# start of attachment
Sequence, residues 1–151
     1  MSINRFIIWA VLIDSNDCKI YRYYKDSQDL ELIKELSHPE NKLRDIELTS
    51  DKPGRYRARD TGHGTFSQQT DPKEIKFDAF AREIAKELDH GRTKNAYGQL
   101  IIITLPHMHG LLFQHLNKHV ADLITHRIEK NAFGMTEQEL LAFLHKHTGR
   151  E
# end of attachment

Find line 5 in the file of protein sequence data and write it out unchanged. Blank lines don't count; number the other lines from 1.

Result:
   151  E